Overall, the proposed design for Kyoto II shares many features of the current Kyoto Protocol: it would impose mandatory emissions ceilings on rich countries and preserve existing mechanisms for promoting voluntary abatement efforts in developing countries, including Joint Implementation (JI) and the Clean Development Mechanism (CDM). Nations would be free to choose whatever combination of domestic policies (cap-and-trade, carbon taxes, JI, and CDM, etc.) they prefer to achieve compliance. Developing countries would not face mandatory abatement commitments for the relatively short (at most tenyear) period covered by Kyoto II. But to avail themselves of the benefits of participation, they would need to accept the concept of future obligations in principle. Other key elements of the proposed design—including new mechanisms to address cost and leakage concerns—are summarized below.


  • Mandatory emission ceilings: As already noted, rich countries would accept mandatory ceilings under the new agreement. Developing countries would not be subject to abatement requirements, but would be put on notice that they will face obligations in the next round of negotiations. The treaty would encourage voluntary steps and agreements among parties outside  Kyoto II while recognizing that these are not substitutes for a multi-national agreement with mandatory reduction commitments.
  • Short duration: A Kyoto II agreement should cover eight to ten years and no more. A relatively short-lived agreement helps account for uncertainty and new information and makes it easier to incorporate changing responsibilities between developed  and developing countries.
  • Escape clause: Nations with mandatory emissions ceilings would have the option to reduce their abatement commitment in exchange for either paying a monetary fine or accepting trade sanctions imposed by other signatory nations. By providing protection against unexpectedly high abatement costs, this mechanism reduces barriers to participation while simultaneously creating incentives for compliance. The severity of the penalty (whether in the form of a fine or trade sanctions) would increase as more nations join, thereby further leveraging incentives for membership and compliance.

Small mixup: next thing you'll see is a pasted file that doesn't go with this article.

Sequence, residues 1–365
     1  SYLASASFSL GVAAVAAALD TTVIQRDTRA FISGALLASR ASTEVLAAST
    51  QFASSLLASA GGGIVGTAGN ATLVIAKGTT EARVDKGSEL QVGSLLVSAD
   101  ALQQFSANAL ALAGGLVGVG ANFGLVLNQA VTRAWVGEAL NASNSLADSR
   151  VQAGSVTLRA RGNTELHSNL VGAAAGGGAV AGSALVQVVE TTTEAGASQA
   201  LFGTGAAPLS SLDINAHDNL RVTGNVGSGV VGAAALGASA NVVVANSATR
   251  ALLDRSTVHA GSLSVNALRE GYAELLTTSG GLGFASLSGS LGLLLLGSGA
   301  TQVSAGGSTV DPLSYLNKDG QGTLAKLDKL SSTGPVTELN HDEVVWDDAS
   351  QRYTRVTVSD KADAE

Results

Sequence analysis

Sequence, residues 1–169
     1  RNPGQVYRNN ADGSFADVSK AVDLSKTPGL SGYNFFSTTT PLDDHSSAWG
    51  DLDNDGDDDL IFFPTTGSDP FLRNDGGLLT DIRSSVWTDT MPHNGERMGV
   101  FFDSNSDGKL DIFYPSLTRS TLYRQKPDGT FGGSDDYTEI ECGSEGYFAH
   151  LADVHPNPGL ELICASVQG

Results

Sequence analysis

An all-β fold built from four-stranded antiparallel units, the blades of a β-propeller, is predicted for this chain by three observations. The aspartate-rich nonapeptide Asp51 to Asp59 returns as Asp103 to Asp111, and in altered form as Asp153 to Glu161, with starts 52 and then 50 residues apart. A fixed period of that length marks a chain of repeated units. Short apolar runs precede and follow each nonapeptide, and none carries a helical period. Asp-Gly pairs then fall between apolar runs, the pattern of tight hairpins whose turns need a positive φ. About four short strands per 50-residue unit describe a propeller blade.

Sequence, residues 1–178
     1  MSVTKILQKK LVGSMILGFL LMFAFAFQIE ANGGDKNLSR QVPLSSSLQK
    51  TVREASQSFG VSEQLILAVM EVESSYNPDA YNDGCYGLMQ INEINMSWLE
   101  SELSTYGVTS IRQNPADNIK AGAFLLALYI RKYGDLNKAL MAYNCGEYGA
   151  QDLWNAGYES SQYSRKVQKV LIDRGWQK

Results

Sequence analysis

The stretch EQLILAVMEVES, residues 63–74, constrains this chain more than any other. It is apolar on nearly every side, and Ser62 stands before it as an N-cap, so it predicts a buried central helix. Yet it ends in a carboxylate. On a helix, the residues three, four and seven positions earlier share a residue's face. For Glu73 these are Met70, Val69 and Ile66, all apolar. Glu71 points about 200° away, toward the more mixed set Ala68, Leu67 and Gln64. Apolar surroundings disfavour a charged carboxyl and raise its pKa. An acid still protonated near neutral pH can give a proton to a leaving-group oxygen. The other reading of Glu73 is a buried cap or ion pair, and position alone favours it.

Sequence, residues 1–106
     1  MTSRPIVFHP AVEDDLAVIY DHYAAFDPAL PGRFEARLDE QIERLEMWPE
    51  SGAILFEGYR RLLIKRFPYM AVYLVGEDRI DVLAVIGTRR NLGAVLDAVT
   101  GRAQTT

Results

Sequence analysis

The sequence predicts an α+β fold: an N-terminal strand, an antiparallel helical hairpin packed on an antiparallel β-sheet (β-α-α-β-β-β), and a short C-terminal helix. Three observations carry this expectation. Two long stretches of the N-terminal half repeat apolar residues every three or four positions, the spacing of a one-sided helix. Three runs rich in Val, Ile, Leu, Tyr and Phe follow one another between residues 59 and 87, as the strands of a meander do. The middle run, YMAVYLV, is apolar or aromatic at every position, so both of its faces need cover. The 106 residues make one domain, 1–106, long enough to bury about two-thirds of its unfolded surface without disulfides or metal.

• Trade measures: In addition to the potential use of trade sanctions in the context of an escape clause, Kyoto II should recognize the use of trade reform in achieving climate-related objectives. Specifically, the authors support the use of carefully circumscribed border tax adjustments to protect against leakage (leakage is a shorthand term for the possibility that firms will simply re-locate to nations without mandatory commitments to escape carbon costs, thereby undermining the environmental objective and raising competitiveness concerns in signatory nations). Thoughtfully applied, such a policy can create effective incentives for countries to participate rather than staying outside the agreement.
  • Tradable emissions: Kyoto II should allow international trade in emissions permits. While acknowledging that such trade could marginally reduce incentives to join or levels of abatement undertaken, the authors conclude that the potential for perverse effects is outweighed by the efficiency gains achievable through trade in the context of varying abatement costs. Permit trading or allocation should not, however, play an important role in creating inducements for participation. Instead, JI and CDM should be the primary mechanisms used to encourage membership and capture low-cost abatement opportunities.


This proposal builds on the existing Kyoto Protocol but introduces two major new features to address problems of participation  and compliance. The inclusion of an escape clause will make it easier for nations to join, helps solve the enforcement problem, and serves to cap costs. The use of trade policy to address leakage concerns and strengthen incentives for participation is likely to be viewed with consternation by trade economists, but is necessary to overcome critical objections to the adoption of an effective regime. Negotiating a Kyoto successor with these features would represent an important next step toward the larger objective of bringing all nations under the discipline of a meaningful international climate agreement.

For more information on this publication: Please contact Harvard Project on Climate Agreements
For Academic Citation: Karp, Larry S. and Jinhua Zhao. “A Proposal for the Design of the Successor to the Kyoto Protocol.” Discussion Paper, 08-03, Harvard Project on Climate Agreements, Belfer Center, September 2008.

The Authors